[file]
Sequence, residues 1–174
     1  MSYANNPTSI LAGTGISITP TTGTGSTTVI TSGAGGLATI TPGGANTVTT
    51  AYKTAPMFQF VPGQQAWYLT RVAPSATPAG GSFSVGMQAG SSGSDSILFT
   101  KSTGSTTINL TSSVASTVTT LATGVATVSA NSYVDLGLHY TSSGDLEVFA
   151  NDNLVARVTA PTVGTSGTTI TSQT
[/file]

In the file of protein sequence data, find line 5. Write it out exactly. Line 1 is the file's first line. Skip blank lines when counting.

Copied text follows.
   151  NDNLVARVTA PTVGTSGTTI TSQT